- A Tennessee restaurant is terminating its late-night service after reports of unruly behavior.
- Mid City Grill’s owners also cited an incident involving a gun being drawn, local reports said.
- There has also reportedly been a spike in customers walking out without paying.
A diner based in Johnson City, Tennessee, is discontinuing its late-night service after reports of unruly customers harassing employees and other disorderly conduct.
Johnson City Press reported on Sunday that Mid City Grill’s owners cited incidents of customers leaving without paying and having a “complete disregard,” for staff and the property.
Guns had also reportedly been drawn inside and outside the establishment, which is well-known locally for its hand-crafted burgers and extensive selection of vegan food.
The owners announced the news in a Facebook post, although the diner’s Facebook account has since been deleted, Johnson City Press reported.
“You never really had the escalations or guns or the stuff that it had become,” co-owner Dave Garnett reportedly wrote. He added: “The physical altercations definitely are on the rise.”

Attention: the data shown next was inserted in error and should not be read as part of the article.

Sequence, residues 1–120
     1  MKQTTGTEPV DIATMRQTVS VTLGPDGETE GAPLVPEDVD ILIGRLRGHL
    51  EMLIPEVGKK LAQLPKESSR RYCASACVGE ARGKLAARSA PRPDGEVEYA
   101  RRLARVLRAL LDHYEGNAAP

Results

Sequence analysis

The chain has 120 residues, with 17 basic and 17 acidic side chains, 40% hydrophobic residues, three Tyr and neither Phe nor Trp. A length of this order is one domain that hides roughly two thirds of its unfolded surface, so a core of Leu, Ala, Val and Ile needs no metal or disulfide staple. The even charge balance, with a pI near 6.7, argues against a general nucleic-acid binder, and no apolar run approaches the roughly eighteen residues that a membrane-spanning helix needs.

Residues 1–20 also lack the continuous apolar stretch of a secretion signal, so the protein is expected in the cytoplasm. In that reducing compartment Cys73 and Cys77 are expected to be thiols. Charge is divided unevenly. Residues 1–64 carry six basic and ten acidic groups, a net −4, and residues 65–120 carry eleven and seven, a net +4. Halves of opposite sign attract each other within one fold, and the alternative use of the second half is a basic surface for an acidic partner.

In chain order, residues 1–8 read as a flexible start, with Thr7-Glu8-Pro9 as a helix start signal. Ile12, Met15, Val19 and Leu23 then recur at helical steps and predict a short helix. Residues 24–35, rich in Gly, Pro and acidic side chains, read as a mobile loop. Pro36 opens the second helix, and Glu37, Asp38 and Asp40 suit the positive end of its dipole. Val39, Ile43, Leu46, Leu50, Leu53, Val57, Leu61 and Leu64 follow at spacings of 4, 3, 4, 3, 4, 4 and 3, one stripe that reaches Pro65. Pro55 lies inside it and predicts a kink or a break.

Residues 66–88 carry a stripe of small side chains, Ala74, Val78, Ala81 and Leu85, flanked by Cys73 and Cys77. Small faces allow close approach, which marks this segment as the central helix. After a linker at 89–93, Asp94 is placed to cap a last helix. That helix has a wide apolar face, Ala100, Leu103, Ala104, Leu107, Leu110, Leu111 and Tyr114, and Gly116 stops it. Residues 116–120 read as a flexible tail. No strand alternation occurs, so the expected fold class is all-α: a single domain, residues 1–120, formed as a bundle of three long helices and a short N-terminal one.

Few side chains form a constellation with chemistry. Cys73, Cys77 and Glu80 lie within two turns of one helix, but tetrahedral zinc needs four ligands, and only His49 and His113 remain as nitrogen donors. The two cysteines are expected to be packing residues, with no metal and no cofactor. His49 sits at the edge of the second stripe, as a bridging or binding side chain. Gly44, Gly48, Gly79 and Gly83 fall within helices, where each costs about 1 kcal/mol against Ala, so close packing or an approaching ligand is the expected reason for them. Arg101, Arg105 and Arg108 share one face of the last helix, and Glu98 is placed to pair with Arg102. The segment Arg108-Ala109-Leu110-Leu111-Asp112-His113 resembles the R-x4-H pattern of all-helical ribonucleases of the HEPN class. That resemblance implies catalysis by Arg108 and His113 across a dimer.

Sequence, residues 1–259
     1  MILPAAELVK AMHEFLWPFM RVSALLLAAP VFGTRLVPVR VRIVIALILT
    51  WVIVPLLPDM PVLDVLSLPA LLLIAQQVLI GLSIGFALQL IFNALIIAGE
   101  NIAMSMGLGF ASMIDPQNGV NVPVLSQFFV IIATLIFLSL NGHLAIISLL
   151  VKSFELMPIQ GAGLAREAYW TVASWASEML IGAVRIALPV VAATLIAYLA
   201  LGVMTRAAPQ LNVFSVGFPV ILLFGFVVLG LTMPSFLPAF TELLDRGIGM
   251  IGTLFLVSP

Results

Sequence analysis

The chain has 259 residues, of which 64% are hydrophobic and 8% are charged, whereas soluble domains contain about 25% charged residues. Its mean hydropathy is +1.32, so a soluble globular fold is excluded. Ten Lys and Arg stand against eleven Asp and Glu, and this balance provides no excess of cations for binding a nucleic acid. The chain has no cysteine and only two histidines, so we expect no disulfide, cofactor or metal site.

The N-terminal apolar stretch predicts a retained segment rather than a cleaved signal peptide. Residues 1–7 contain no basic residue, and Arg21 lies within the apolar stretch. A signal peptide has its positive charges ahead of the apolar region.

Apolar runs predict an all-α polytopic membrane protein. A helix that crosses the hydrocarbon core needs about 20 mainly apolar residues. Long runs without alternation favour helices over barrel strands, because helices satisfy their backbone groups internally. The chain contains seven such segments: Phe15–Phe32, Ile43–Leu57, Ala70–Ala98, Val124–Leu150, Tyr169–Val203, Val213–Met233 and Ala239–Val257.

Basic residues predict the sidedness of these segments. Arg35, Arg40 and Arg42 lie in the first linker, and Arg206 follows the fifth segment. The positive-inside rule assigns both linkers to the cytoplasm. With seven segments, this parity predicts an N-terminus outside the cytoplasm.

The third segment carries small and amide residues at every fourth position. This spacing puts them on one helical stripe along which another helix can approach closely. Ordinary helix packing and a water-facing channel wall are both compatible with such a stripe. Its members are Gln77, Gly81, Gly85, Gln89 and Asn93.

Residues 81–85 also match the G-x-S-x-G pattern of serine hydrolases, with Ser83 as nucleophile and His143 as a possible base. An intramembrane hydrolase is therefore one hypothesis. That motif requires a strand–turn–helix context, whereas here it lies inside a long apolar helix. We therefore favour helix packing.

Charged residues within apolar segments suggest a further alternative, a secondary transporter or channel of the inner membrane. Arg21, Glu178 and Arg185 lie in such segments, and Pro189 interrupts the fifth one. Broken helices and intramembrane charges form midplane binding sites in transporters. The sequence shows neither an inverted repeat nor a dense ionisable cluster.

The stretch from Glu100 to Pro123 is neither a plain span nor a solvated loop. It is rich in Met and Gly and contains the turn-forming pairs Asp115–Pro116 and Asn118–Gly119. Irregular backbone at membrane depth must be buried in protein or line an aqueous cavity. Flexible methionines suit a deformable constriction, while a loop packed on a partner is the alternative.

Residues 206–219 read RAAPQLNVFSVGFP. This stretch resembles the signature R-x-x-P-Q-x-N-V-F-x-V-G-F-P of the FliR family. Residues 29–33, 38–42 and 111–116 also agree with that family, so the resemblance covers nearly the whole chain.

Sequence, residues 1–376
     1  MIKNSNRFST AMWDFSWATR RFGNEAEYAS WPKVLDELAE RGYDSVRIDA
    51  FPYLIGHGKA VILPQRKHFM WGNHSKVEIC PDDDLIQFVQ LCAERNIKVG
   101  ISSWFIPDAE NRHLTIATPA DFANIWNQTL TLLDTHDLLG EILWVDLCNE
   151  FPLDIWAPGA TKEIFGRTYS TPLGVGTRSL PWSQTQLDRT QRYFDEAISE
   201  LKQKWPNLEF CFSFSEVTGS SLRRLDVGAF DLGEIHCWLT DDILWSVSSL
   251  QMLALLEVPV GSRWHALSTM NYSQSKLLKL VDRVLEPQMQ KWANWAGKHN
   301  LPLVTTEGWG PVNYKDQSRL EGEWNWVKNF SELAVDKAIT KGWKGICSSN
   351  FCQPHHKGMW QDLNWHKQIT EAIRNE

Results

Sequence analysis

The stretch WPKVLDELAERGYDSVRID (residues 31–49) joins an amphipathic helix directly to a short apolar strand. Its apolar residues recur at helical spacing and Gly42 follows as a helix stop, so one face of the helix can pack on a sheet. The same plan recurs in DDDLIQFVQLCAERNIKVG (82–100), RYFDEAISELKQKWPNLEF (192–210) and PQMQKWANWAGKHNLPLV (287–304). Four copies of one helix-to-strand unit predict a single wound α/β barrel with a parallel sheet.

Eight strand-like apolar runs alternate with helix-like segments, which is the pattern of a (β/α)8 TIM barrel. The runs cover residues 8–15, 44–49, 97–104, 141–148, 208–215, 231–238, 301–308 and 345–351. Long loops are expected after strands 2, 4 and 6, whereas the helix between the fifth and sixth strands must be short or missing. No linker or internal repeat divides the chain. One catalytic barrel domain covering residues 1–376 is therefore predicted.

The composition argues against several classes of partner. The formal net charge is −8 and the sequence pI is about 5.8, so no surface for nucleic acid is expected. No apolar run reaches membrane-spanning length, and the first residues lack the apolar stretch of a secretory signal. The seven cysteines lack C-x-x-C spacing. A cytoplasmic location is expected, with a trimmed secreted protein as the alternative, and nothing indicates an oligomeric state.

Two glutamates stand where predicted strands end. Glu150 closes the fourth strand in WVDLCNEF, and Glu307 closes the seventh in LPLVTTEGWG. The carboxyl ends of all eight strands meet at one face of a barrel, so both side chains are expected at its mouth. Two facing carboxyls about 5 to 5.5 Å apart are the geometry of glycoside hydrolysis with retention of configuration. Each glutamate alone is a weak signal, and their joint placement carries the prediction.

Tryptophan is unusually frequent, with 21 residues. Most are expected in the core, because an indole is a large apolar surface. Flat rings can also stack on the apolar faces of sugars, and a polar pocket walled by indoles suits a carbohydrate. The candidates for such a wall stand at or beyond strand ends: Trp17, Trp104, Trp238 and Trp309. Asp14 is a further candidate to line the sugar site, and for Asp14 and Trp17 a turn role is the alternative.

According to Johnson City Press, police recently responded to multiple calls claiming that there was a man with a gun at Mid City Grill. He has since been banned from entering the premises.
Pre-pandemic, the restaurant operated a late-night menu from Tuesday through to Saturday until 4 a.m. But with the onset of lockdowns and restrictions, Mid City Grill’s late-night service was reduced to only Fridays and Saturdays.
As stated on its website, the restaurant is now open from 11 a.m. to 11 p.m, with a break in the afternoon.
“For the staff and for the restaurant itself, it just seemed like the best option,” Johnson City Press quoted Garnett as saying on Tuesday.
Unruly restaurant customers have made headlines in recent months. In September, Red Rooster Burgers & Brew, a California burger joint, banned customers under 18 unless accompanied by a parent or guardian, due to what they described as unlawful behavior.
Among other things, the restaurant’s owners accused young customers of throwing fries at employees and sticking candy to the ceilings.
In the same month, a hostess was attacked by diners at Carmine’s, a popular New York restaurant, after asking for proof of COVID-19 vaccines.
Mid City Grill’s troubles mirror those of Burgerville, a popular regional chain. In August, Burgerville’s owners said weapons were found on the premises of its southeast Portland branch. They also said vandalism and damage had occurred, and that it would be temporarily closing the branch as a result.